Photo by Katherine Harris
Red Lantern Sushi
White Bear Lake might be low on water, but it now boasts some of the freshest fish to be found in the metro. You’ll find it at Red Lantern Sushi (Aka Chouchin in Japanese), a recently opened Japanese tavern that is bringing a welcome touch of novelty to the relatively tradition-bound dimensions of Japanese cuisine. Chef-owner Wei Wang, who honed his sushi skills at a number of high-profile local establishments, cares intensely about the quality of his food and wants his guests to appreciate how it’s meant to be eaten.
Although there are a few signature sushi rolls, the emphasis here is on a handful of nigiri/sashimi selections. They’re created from the best catch of the moment, and without exception, the flavors are clean, deep, and exceptionally good. By far the most enjoyable and educational option is the tuna flight. Five different types of toro come arranged on a plank from least to most fatty. The latter is a roll that is topped with the tasty meat scrapings that are attached to the fish’s skin, which can’t be butchered in the conventional manner. A sequential sampling of each of the cuts is guaranteed to enhance your appreciation of this coveted fish, but the learning process doesn’t stop there. The staff instructed us that the side of pickled ginger we were preparing to layer on our fish is meant to be a palate cleanser between bites and also that we should not add any flavoring to our saucer of soy sauce. The idea is that you don’t want to do anything that will mask the essential flavor of the seafood beyond whatever seasoning the chef has already included in his composition.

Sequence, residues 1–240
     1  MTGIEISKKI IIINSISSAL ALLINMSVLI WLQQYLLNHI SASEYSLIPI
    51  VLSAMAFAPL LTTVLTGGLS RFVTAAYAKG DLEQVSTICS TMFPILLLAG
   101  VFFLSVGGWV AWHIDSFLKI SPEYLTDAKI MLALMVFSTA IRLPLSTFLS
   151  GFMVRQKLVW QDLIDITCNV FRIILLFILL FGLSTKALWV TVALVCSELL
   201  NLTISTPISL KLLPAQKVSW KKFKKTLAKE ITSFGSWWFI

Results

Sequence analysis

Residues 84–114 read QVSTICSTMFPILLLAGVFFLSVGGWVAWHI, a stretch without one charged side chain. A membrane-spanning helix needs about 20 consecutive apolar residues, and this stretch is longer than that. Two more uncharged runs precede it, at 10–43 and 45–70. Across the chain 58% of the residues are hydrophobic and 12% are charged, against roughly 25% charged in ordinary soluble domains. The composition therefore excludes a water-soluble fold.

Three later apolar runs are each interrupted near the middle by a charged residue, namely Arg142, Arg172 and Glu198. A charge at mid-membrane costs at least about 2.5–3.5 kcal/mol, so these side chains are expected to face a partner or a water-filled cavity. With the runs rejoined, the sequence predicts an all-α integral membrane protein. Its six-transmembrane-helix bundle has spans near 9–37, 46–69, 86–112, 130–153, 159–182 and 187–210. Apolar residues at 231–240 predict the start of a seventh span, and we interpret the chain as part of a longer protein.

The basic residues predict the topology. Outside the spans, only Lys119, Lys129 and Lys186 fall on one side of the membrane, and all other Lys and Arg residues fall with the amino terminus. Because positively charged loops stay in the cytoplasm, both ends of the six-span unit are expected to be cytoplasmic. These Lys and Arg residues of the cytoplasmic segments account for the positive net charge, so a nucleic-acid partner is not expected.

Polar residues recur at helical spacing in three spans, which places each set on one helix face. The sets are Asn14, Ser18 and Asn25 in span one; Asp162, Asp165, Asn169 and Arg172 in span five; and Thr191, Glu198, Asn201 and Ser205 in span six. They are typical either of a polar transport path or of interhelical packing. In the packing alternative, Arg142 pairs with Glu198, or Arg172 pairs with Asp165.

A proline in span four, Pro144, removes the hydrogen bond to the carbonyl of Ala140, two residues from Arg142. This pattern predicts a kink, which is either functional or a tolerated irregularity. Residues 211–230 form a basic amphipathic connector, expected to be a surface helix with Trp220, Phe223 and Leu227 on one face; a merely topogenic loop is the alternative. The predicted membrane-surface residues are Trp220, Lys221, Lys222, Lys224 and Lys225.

However, the most illuminating experience for me was sampling some freshly ground wasabi root. For a couple of dollars, it’s well worth the expense. The commercial Play-Doh-like paste served at most spots is a mix of powders and extracts that pales in comparison to the real deal. If you sample small bites of the gratings at two-minute intervals, the flavor profile evolves from mildly spicy to intensely spicy to sweet.
In addition to sushi options, there’s a changing list of inspired small plates. One of the best was morsels of cooked lobster tail that had been poached in a shiitake mushroom. The perfectly cooked pieces of shellfish were elegant and sublime. Another standout was spicy potstickers—a riff on the ubiquitous gyoza that had great texture and a nice kick. I also savored the plucky sriracha shrimp and a flawless order of lightly seared tuna tataki.
Last, but not least, I would highly recommend a sampling of the house-made pickles. I tried five different kinds the evening I visited and loved every one of them. Also, if you’re interested in learning about sake, the staff will take the time to describe the compact list of brews and let you try a couple of them before you order.
Indeed, the personable service here is a real pleasure. There is a palpable desire to educate and please. The small, intimate nature of the spot—a collection of tables and a 10-or-so-seat sushi bar—tends to produce a cacophony of shouts, laughter, and good-natured ribbing, which, in my book, is the true essence of this kind of place.
My meal here was great fun, and the northeast metro has definitely reeled in a trophy. 2125 4th St., White Bear Lake, redlanternsushi.com